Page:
Les Ripoux (Claude Zidi 1984)
Corrupt cop Philippe Noiret receives a straight-arrow new partner and gradually indoctrinates him into his crooked ways in this amusing buddy comedy. Far from the critiques of later movies like Training Day, the film audaciously sides with Noiret and indulges and explains away all his indiscretions and illegal acts. Make no mistake, Noiret is a complete piece of shit, but gleefully so, and with such a modulated series of self-imposed rules and policies that there’s something admirable about his elaborate briberies and skimming. I admired the film for not excusing Noiret, and I think it’s easy to underrate how much the actor brings to a character like this, which is about the most Noiret-y role imaginable— he helps make the potentially unpalatable quite drolly charming by virtue of being Philippe Noiret. The movie falters a bit in the last act, but the rest is so strong that it’s forgivable. Of all the French movies that Hollywood tried to remake, I’m shocked they never tried to tackle this, and now it’s too late, as no one would stand for a comedy this accommodating to crooked cops. Recommended.

Les salauds vont en enfer (Robert Hossein 1955)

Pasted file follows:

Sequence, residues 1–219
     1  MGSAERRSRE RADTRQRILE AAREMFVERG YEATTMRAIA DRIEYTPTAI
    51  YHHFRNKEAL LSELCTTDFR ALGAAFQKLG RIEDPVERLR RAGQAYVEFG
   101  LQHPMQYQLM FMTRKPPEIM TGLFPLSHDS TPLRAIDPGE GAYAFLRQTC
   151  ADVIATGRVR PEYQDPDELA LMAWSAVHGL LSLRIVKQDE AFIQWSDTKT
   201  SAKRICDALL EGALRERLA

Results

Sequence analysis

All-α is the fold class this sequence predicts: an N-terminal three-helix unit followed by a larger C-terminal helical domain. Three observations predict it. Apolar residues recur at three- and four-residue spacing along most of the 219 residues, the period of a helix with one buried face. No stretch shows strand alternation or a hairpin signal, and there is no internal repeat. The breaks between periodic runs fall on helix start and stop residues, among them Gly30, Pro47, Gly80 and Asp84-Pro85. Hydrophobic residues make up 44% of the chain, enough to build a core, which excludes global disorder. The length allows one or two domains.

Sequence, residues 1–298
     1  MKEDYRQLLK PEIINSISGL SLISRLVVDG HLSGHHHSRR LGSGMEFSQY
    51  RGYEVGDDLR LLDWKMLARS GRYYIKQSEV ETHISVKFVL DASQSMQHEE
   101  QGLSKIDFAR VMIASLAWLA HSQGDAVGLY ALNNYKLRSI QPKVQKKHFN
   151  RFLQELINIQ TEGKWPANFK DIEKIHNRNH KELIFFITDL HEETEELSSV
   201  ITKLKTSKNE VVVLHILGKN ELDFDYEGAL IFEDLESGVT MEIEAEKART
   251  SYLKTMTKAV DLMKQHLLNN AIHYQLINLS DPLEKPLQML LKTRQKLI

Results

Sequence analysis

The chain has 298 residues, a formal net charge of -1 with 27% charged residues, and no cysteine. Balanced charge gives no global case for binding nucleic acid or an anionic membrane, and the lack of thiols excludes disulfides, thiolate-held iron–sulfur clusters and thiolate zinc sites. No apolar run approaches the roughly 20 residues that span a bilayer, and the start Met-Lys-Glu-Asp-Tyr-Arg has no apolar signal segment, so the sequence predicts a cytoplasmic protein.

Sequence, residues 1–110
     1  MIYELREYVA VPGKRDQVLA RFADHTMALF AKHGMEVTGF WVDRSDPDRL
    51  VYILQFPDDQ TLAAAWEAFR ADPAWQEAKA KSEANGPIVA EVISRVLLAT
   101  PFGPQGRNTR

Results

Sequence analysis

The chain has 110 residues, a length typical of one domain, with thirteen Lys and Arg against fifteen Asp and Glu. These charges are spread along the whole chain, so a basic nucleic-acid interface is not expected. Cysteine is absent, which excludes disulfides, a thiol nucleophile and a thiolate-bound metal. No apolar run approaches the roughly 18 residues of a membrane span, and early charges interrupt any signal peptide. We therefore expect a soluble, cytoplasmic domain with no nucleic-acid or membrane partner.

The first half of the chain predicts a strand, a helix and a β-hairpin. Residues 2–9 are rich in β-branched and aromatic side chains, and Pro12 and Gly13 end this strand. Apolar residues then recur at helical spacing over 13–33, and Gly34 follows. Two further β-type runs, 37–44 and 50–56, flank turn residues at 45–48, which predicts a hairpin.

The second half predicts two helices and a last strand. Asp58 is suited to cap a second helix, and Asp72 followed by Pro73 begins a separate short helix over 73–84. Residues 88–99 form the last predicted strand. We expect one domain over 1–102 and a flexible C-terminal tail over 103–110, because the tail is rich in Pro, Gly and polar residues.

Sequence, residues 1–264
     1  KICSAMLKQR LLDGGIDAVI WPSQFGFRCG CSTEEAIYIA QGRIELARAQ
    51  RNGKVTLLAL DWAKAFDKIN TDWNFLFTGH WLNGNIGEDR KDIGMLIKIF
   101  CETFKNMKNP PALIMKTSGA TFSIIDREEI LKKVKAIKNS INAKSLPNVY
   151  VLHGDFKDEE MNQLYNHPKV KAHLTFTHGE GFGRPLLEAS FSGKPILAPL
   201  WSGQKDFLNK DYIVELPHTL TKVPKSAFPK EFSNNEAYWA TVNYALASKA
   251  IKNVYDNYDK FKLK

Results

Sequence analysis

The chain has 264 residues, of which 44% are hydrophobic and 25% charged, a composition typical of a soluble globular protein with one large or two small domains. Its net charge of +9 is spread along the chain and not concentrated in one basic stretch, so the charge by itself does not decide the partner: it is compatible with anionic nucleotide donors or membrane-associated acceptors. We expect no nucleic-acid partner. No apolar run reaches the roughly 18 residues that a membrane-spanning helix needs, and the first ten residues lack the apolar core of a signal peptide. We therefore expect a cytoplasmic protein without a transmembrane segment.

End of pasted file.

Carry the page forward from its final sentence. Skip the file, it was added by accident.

Well, that’s quite a title (Roughly Bastards Go to Hell), and for a while the film delivers the right level of bombast to sustain it. Two cellmates are ratted out to the entire prison as being possible snitches and for the length of the film both deny it while accusing the other of having to be the rat. Eventually they realize that having the entire joint hating them can only end badly, so they kill a couple guards and escape. Once the pair leaves the prison the film’s manic energy slows down and we get a much less interesting (and far more familiar) noir story of two men fighting over a beautiful woman. While I don’t think much of the back half of this film, Marina Vlady’s entrance in this movie is so ridiculous that it’s almost worth recommending. There are worse autuers to crib from than Sam Fuller, but even an actual Fuller film can get pretty tedious, and a blurry Xerox like this highlights the bad as much as the good in such an over the top kinetic approach.

Mortelle randonnee (Claude Miller 1983)
MIchel Serrault’s private eye tracks, covers up for, and eventually kills for Isabelle Adjani’s murderous chameleon under the auspices that she is his own long-lost daughter. I found this tedious (I was not surprised to hear the US distributor cut out thirty minutes) and grew less interested the more it became likely that Serrault was having a mental breakdown and going insane, but it has such a specific tone and approach that I could see it being very popular with a more receptive audience member. Just not me.

On ne meurt que deux fois (Jacques Deray 1985)